Bennett Adelson Technical Blog

Bennett Adelson Technical Blog

Using PerfView to Diagnose a .NET Memory Leak


I recently worked with a customer that was experiencing a memory leak with custom code running in Outlook. They were having trouble isolating the source of the leak, and they called us to help. There are several ways to dig into the process and profile the memory, but each have their own challenges and require some amount of supposition and guesswork.

When looking into these types of memory leaks, I have used a variety of tools over the course of my career, including DebugDiag, VMMap, and WinDBG with SOS. However, in investigating this particular leak, I came across a relatively new tool created by the .NET Performance Testing team called PerfView. This tool proved to be much easier to use in this situation, and it did not require multiple, cryptic steps, such as capturing multiple memory dumps and comparing the .NET object counts from one dump to the next. Instead, PerfView was able to capture multiple snapshots of the heap, compare those snapshots, and provide a listing of what was different between them.

To provide you with an idea of how simple this tool can be to help you find leaks, I created a simple application that contains a supposed “leak”. In reality, a ‘leak’ in a garbage collected runtime, like .NET, is typically just an object that is still being referenced and therefore cannot be removed from memory. It is not really a leak in the traditional sense, but it still is causing memory use to grow inside the process.

Knowing that my sample app has a leak, we can use PerfView to attempt to locate the source. The application has a simple WPF user interface which reports the size of the process. Over time, the process grows, but it gives no indication why. Below is a screen shot of the application:

MyLittleLeaker-fig1

To dig into this process, I used PerfView to inspect the heap. Below are the steps I took:

From the PerfView UI, choose “Take Heap Snapshot,” located on the Memory menu.

TakeHeapSnapshot-fig2

And choose the process you want to capture:

ChooseProcess-fig3

Click the “Dump GC Heap” button or simply double click on the process name.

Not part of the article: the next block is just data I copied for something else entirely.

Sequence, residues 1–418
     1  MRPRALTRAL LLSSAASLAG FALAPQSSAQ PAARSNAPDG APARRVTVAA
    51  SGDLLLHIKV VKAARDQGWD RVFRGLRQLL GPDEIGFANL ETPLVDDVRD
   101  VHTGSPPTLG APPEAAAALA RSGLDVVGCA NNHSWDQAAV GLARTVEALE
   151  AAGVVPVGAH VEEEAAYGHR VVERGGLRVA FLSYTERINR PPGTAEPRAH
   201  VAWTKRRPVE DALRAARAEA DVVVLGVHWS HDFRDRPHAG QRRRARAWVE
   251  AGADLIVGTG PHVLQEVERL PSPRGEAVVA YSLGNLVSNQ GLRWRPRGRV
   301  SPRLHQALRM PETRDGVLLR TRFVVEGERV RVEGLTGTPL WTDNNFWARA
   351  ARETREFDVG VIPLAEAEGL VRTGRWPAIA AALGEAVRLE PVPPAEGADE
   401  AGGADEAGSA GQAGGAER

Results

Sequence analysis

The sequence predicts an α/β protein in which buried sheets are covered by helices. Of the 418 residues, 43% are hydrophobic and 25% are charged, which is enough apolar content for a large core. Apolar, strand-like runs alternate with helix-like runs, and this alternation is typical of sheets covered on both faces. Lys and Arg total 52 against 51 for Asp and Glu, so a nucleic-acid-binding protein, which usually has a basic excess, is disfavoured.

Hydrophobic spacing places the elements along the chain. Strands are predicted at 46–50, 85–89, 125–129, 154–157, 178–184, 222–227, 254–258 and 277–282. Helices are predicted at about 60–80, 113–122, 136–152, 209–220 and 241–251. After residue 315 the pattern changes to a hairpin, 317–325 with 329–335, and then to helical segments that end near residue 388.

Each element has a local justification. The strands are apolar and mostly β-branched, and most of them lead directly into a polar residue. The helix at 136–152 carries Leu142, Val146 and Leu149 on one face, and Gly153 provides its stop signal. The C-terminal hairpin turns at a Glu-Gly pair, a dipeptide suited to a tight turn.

When complete, PerfView will display the largest objects, sorted by the largest contributors.

fig4-Stack1

As you can see, my sample application has an ArrayList as its largest contributor to the memory. That does not, however, necessarily mean that this object is the source of any leak. The largest object in an application may be a business object or some other component that exists to support the application’s functionality. In order to find the source of a leak, multiple snapshots must be captured and compared over time.

To capture another snapshot, simply return to PerfView’s main window and choose “Take Heap Snapshot” again from the Memory menu. Leave the current snapshot open so that you will be able to use it as a baseline when comparing it to the next snapshot. After capturing the second snapshot, you should have a second “Stacks” window open which looks similar to the first. To compare this snapshot with the first, locate and open the “Diff” menu. The first item in the list (assuming you did not close it) should be your original snapshot. (If the original snapshot was closed, you can reopen it from the main PerfView window.) Select the baseline snapshot and allow PerfView to compare the two.

fig5-Stack2

After the Diff is created, you will see a screen that looks similar to the Stacks screens that displayed each snapshot.

fig6a-diffStacks

In a Diff view, the columns to the right of the object types indicate the percentage and raw value differences between the two snapshots. In the case above, notice that the “Totals Metric” value in the header section of the window, near the upper left corner, shows that the total size difference between the two snapshots is about 3.4 MB.  In the main section of that same window, we can see that there is/are ArrayList object(s) that have contributed about 99.8% to that difference, or about 3.4MB. If we double-click on the ArrayList line, we can see what objects use that particular type and how much each of those referring objects are contributing to the increase.

fig6-DiffStacks

From this screen shot, we can see that an object called MyLittleLeaker.Leaker.a makes up the largest difference in memory between the two snapshots. This object is indeed the source of my leak.

As you can see from the contrived example above, PerfView can help provide insight into what is changing over time inside your application, and it can be much less cumbersome than capturing and interpreting memory dumps with commands that are hard to remember.

The Microsoft .NET Performance team has created a series of videos, which are posted on Channel 9, on how to use PerfView in several scenarios, including live profiling and investigating high CPU scenarios. Take a look at the Channel9 PerfView Tutorial to learn more.

Links:

Rich Deken
Principal Consultant

3 Comments

  1. kiranpatils

    Thanks for a nice article! — Will you share your application also with us?

  2. Thanks!

  3. Rich , you rock as usual!

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